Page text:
10th in 2016 Vuelta a España

2017 Tour of California winner

2020 Gran Piemonte winner

2020 Giro di Lombardia runner-up

Bennett has contested three previous Tours de France, with a high finish of 24th, and his eighth in Italy two years ago represents the highest placing by a Kiwi at a Grand Tour.

He has shown his individual ability in recent weeks, with victory over some of the world's top riders at Gran Piemonte and then a gutsy second placing at Lombardia - one of cycling's five prestigious 'monuments' - three days later.

Tom Dumoulin & Sepp Kuss at the Critérium du Dauphiné
Tom Dumoulin & Sepp Kuss at the Critérium du Dauphiné. Photo credit: Getty

Tom Dumoulin - Netherlands

Born November 11, 1990 (29)

2017 world time trial champion

2016 Olympic time trial silver medalist

2018 Tour de France runner-up - three stage wins (2016, 18)

2017 Giro d'Italia winner (second 2018) - four stage wins (2016-18)

2015 Sixth at Vuelta a España - two stage wins  (2015)

New to Jumbo-Visma, Dumolin has previously starred for Team Sunweb, highlighted by his Grand Tour victory in Italy three years ago. He was famously forced to take a comfort stop on stage 16, losing a minute to his nearest challengers, and needed a clutch performance in the individual time trial to eventually secure general classification honours.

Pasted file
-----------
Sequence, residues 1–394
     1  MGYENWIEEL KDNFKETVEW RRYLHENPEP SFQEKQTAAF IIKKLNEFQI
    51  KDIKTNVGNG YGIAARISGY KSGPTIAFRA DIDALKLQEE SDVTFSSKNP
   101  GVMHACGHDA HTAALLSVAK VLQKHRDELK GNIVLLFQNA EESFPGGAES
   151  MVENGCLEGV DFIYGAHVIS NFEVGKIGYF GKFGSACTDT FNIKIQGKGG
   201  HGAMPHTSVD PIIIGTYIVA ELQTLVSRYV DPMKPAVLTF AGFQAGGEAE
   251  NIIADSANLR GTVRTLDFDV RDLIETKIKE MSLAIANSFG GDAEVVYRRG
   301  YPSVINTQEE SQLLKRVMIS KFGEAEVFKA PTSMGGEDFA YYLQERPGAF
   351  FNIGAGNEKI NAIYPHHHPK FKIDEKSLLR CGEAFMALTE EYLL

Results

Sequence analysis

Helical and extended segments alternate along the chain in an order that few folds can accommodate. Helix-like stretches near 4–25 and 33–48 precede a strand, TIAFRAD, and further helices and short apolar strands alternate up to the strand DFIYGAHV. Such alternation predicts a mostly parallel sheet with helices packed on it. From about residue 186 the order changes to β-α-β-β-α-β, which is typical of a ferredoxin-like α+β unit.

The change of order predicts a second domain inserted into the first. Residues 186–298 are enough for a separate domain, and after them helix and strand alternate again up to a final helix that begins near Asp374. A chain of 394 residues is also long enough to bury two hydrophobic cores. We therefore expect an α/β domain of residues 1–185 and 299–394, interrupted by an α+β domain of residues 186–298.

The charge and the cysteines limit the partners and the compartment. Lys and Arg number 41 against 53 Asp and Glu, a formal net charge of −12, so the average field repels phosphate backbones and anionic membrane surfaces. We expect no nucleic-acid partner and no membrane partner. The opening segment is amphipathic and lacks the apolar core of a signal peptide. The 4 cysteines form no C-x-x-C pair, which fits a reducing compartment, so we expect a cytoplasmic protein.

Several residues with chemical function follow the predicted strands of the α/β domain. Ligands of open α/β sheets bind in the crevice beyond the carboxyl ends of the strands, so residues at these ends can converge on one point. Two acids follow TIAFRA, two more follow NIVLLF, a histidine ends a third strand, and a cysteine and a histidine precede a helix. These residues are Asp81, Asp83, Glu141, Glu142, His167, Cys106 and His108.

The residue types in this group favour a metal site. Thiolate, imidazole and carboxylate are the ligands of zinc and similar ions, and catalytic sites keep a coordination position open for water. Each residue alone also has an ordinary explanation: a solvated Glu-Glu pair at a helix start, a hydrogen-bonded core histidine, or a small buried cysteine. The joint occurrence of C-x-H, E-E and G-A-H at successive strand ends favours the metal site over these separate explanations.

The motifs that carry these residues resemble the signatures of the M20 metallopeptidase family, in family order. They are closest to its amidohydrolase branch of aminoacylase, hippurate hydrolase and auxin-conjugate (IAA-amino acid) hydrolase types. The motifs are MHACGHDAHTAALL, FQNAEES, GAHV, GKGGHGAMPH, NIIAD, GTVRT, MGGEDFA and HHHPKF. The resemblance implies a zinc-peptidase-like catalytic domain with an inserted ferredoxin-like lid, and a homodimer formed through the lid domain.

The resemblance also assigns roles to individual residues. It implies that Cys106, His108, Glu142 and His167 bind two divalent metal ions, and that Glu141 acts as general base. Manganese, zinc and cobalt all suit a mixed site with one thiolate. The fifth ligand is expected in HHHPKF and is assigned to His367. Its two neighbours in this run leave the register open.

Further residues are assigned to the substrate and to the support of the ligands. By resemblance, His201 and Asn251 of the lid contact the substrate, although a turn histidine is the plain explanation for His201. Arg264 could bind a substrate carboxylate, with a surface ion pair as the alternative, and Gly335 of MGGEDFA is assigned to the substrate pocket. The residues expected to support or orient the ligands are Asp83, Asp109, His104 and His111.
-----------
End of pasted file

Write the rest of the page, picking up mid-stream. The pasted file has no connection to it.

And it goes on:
Another former world time trial champion, he has won against the clock in all three Grand Tours.

Robert Gesink - Netherlands

Born May 31, 1986 (34)

Fourth in 2010 Tour de France (sixth 2015)

Sixth in 2009, 12 Vuelta a España - one stage win (2016)

2011 Tour of Oman winner

2012 Tour of California winner

The resident team veteran turned professional 15 years ago, joining Jumbo-Visma in 2015, and has compiled a long list of impressive results across the world, without quite achieving a career-defining victory.

These days, he serves as domestique to Jumbo's higher-ranked contenders.  

Amund Grøndahl Jansen - Norway

Born February 11, 1994 (26)

2016 ZLM Roompot Tour winner

2016 Tour de Gironde winner

2019 Danish road race champion

If the water bottles need filling, Jansen will undoubtedly be dispatched to the team car for fresh 'bidons' this time.

Sepp Kuss - United States

Born September 13 1994 (25)

Vuelta a España - one stage win (2019)

2018 Tour of Utah winner

A relative unknown on the Jumbo team, Kuss has shown his bright talent on rare occasions. His only Grand Tour stage win came in Spain last year, when he helped Roglič to overall victory, but was part of a stage 15 breakaway and attacked with 7km remaining to win by 39s.